On Nov. 29th, the President of ECPY met with the administration of the Directorate of Tax Legislation – DLF. The DLF officers informed
ECPY that the application of the VAT reduction on charters as practiced in Italy, France, Malta, Greece, Cyprus and Croatia would no
longer be applicable for the 2020 season (i.e. just cruising into international waters and obtaining a VAT reduction).

In 2020 the only possible reductions will be pro rata reductions for cruising outside European waters (i.e. time spent/or distance in
international waters, at this stage we do not know).

The European commission has asked the above-mentioned countries to modify their practices in order to apply the principle
of ratio from January 1st, 2020. It is expected that the implementation of the new rules on VAT reductions will be applied
under the same terms and at the same time in the different countries.

ECPY has requested that the new rules applicable in 2020 should be known as soon as possible and before the end of 2019. Several points remain to be clarified to date, ECPY is taking part in the negotiations that will take place during the month of December.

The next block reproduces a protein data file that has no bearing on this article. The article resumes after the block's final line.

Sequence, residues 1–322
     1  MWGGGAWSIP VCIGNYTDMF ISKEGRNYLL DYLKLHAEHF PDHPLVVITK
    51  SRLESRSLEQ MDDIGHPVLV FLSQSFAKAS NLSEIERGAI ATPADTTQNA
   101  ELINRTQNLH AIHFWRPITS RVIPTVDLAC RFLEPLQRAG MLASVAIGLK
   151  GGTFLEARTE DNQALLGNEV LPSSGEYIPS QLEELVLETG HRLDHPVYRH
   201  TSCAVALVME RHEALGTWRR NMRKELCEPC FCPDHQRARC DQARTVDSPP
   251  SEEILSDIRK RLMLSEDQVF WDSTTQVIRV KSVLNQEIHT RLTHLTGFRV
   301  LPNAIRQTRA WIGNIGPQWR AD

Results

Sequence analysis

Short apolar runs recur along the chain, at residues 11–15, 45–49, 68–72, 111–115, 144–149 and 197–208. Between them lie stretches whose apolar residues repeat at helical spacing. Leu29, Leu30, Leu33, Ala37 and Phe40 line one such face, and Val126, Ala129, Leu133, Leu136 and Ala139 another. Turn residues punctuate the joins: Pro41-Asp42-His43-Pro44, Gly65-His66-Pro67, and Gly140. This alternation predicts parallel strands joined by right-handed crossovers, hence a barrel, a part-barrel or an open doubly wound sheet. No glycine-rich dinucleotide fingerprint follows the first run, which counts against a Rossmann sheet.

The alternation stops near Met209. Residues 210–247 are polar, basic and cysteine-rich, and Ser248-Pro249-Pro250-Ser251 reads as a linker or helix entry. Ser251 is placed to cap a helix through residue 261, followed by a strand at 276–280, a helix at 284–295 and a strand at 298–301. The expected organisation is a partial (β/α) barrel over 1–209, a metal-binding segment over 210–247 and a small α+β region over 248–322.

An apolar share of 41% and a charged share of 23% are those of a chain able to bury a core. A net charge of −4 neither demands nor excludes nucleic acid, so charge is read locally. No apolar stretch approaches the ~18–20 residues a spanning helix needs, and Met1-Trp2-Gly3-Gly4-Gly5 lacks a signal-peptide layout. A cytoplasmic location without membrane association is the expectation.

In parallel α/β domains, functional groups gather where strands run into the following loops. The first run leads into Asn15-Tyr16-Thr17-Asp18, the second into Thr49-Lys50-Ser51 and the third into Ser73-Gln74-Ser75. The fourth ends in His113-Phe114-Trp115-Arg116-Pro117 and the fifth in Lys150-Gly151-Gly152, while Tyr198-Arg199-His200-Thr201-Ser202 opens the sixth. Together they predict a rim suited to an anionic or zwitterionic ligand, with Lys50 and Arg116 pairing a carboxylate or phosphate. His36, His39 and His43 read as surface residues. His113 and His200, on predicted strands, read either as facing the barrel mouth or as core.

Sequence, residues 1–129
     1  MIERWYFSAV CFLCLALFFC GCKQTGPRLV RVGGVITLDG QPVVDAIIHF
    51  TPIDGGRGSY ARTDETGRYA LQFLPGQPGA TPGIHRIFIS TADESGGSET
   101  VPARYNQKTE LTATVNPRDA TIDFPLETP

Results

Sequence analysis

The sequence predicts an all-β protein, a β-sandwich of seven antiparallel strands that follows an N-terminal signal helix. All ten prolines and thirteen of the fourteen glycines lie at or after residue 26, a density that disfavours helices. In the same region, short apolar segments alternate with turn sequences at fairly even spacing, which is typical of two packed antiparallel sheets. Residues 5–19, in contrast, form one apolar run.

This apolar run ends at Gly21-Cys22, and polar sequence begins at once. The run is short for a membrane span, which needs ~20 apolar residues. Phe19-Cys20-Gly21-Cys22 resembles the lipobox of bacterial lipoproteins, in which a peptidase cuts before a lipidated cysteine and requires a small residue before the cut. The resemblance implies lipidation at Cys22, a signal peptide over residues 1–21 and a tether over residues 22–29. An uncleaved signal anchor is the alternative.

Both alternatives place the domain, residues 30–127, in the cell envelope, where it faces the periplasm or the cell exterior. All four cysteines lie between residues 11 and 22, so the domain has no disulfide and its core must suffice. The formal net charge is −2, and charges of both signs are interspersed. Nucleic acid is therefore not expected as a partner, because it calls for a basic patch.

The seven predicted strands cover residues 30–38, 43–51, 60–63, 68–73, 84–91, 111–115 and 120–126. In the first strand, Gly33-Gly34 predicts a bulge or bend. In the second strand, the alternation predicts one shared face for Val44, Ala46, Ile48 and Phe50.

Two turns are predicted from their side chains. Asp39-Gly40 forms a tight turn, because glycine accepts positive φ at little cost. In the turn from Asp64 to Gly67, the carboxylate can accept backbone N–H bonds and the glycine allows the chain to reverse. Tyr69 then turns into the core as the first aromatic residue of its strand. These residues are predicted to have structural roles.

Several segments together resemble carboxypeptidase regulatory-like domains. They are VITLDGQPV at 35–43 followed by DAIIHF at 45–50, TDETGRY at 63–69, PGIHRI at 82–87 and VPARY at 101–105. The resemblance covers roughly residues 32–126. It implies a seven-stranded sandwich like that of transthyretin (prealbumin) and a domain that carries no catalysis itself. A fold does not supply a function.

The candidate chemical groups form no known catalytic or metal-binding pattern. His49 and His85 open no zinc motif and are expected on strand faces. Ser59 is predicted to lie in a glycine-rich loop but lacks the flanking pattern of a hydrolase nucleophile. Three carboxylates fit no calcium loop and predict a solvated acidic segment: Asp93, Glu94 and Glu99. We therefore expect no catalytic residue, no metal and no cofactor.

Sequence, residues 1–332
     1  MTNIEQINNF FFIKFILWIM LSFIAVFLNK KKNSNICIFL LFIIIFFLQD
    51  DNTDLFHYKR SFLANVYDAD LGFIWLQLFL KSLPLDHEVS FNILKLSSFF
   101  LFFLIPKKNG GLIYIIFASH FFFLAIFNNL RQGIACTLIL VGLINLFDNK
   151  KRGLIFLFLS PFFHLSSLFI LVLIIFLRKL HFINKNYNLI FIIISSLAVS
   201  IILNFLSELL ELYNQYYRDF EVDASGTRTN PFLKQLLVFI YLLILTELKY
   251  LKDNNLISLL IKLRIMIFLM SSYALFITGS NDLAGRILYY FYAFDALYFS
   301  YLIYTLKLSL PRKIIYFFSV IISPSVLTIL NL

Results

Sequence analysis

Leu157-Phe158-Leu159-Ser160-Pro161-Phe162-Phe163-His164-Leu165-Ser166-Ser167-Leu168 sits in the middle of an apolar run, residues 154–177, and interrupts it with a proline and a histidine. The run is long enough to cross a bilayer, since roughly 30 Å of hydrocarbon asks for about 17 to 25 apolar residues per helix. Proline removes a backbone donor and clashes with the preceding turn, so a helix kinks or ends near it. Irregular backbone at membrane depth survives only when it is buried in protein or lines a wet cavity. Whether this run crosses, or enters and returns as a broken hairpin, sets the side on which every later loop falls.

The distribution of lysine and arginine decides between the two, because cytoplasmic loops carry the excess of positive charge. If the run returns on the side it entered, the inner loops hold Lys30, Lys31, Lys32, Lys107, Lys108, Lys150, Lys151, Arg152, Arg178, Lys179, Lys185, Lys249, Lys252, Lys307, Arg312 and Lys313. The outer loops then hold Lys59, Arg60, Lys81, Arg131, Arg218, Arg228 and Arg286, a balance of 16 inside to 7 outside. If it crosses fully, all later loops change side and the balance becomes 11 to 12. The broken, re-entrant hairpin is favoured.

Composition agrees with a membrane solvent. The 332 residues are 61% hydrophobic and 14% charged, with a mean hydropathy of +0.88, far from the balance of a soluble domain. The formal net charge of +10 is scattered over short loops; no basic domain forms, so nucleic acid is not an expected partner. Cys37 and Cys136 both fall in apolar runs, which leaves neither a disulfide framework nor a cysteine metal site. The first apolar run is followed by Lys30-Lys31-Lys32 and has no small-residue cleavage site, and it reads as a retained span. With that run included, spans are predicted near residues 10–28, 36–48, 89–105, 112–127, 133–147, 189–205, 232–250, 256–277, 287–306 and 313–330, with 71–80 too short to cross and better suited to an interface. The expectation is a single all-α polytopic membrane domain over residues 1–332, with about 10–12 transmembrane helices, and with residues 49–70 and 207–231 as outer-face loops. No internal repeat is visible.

The objective is to obtain identical rules in all European countries and for these rules to be applied concurrently.

ECPY will keep its members informed of the rules that will have been adopted.


During this meeting, we reminded the administration representatives that we were waiting for answers to the questions
asked in our letters of July 1st and August 2nd, 2019.

The subjects raised in these letters are as follows: taxation and VAT on brokers’ commissions, taxation of Yacht Charter in proportion
to time spent in territorial waters (topical issue), VAT exemption scheme provided for in Article 262(2) of the CGI, 70% criterion,
refueling regime and requirement of a VAT identification number in the country where the company owning the yacht is located.



We also reminded the administration representatives that certain French companies involved in the charter or management of yachts
were subject to tax audits by the tax authorities (DGFIP), which resulted in adjustments that could not be absorbed by companies
based on the withholding tax that these companies should have made during payments to clients located in non-cooperative tax

ECPY once again expressed its deepest and definitive disagreement with the DGFIP’s attitude in this case, which is causing prejudice.